President Donald Trump's Consumer Financial Protection Bureau is proposing changes to regulations surrounding debt collectors that would greatly increase their powers to call, text and email consumers.
The Washington Post reports that the new CFPB rule would let debt collectors call consumers seven times a week, although they are supposed to stop calling you for one week if they manage to get you on the phone to talk during one of those seven times.
Additionally, the rule changes would let debt collectors send an unlimited number of emails and text messages, which was something they previously did not have the power to do under the Fair Debt Collection Practices Act in 1977. People who don't want to receive unlimited text messages have the option of telling individual debt collectors to stop, however.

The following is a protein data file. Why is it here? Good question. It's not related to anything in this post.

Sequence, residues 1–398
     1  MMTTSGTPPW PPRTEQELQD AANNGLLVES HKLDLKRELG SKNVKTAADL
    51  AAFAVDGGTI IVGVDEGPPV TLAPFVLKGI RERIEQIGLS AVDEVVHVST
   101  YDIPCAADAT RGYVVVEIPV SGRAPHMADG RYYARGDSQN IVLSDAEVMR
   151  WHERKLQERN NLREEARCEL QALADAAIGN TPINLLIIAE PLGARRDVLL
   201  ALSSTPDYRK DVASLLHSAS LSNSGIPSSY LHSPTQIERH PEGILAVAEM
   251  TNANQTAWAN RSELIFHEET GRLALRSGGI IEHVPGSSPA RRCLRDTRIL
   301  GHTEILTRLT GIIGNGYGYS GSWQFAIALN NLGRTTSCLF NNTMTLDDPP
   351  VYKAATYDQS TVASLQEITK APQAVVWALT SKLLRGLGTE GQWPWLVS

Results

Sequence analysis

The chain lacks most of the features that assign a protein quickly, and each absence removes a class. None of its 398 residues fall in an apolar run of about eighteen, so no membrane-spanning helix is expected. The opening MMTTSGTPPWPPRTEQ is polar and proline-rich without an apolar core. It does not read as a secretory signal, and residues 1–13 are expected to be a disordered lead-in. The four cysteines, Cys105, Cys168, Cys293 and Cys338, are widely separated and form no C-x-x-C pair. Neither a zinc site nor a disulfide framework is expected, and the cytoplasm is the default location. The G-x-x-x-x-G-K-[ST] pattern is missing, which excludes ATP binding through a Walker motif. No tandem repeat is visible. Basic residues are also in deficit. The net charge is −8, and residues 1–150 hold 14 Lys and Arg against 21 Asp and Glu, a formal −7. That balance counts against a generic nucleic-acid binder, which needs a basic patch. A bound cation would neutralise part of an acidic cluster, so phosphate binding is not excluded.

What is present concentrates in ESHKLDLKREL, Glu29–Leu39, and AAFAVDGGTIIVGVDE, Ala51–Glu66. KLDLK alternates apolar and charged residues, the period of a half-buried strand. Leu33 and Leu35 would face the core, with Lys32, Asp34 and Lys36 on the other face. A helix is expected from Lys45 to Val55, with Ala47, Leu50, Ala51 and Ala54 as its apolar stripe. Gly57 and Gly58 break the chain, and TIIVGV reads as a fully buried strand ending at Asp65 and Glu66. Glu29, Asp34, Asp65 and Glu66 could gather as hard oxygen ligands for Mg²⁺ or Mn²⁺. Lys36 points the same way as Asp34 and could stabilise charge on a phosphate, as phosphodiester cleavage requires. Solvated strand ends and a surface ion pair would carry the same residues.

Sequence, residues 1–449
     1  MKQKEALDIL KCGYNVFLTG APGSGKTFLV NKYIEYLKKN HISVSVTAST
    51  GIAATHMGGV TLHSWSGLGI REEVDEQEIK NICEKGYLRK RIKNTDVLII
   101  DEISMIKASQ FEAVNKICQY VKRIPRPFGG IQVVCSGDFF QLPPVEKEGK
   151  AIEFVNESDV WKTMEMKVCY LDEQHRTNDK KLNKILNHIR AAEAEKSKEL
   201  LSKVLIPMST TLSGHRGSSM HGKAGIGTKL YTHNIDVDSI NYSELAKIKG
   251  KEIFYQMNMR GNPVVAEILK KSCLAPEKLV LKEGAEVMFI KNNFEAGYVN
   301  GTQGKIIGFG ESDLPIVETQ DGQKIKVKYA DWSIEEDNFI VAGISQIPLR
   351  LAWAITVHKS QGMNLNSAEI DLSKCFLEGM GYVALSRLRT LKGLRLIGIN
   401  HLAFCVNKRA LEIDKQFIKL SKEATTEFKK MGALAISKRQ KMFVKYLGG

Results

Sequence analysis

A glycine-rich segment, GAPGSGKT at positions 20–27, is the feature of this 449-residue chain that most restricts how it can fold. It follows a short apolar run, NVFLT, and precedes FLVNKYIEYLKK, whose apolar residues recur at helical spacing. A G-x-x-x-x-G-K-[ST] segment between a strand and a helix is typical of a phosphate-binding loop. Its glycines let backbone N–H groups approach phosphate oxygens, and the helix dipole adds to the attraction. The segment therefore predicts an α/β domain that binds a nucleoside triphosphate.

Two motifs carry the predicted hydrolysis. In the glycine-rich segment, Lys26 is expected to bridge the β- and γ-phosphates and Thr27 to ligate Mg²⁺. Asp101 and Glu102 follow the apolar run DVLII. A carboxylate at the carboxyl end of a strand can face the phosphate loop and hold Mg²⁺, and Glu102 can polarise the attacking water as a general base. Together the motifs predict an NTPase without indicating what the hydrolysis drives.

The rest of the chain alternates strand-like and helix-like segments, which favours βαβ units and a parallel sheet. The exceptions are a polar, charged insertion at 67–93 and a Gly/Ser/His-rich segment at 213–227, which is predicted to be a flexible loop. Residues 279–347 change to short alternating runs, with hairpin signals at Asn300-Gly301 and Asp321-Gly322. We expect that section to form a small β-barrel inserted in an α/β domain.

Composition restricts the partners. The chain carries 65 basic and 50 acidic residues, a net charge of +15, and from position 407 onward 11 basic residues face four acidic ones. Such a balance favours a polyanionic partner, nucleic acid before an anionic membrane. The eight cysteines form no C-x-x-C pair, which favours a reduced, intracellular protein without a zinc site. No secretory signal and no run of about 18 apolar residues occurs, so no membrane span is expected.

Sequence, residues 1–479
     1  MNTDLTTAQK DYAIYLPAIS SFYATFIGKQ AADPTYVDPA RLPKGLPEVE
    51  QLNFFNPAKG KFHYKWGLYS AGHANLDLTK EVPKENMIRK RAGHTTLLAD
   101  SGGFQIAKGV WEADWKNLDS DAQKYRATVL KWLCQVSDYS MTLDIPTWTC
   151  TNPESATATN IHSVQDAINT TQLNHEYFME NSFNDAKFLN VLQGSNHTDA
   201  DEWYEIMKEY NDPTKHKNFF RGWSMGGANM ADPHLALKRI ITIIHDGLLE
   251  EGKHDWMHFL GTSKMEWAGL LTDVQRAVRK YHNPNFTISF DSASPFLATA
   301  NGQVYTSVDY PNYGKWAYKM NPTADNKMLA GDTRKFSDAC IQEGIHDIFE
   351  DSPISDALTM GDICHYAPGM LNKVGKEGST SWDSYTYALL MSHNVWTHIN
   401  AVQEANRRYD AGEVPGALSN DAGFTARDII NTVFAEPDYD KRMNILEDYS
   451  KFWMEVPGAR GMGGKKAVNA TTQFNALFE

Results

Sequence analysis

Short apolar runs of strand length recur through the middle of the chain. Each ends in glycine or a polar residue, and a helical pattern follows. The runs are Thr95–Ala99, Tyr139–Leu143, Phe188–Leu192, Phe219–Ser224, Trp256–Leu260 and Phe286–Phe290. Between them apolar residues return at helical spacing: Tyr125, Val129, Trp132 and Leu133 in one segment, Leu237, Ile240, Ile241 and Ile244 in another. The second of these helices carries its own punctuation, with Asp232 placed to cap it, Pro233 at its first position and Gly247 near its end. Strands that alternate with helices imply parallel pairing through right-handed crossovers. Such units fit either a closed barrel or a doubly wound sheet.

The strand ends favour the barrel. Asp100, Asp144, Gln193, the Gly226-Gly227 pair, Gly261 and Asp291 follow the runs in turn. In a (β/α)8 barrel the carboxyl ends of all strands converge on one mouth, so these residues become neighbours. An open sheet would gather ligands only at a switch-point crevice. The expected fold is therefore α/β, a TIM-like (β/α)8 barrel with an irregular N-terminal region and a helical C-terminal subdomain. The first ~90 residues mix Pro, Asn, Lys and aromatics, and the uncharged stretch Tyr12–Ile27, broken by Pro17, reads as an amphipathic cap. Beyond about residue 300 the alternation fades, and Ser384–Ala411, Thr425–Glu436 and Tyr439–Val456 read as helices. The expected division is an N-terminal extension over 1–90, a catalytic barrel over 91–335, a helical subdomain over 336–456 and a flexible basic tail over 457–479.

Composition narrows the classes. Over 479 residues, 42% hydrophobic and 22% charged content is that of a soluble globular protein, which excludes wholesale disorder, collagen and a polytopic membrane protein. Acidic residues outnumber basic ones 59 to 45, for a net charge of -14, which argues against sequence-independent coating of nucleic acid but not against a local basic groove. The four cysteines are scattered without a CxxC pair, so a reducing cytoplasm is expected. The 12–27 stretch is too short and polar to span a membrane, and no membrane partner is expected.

These rule changes are beneficial to the debt-collection industry despite the fact that debt collectors are frequent subjects of complaints filed with the CFPB. According to the Post, the CFPB received more than 80,000 complaints about debt collectors last year alone.
"The proposal comes as the CFPB undergoes a radical makeover under the Trump administration. The number of cases filed against financial companies has plummeted, and the bureau has started rolling back some regulations — particularly on payday lenders," the Post notes. "The bureau’s director, Kathy Kraninger, has laid out a business-friendly vision for the CFPB, including a focus on educating consumers to make better decisions and reducing 'unwarranted' regulatory burdens."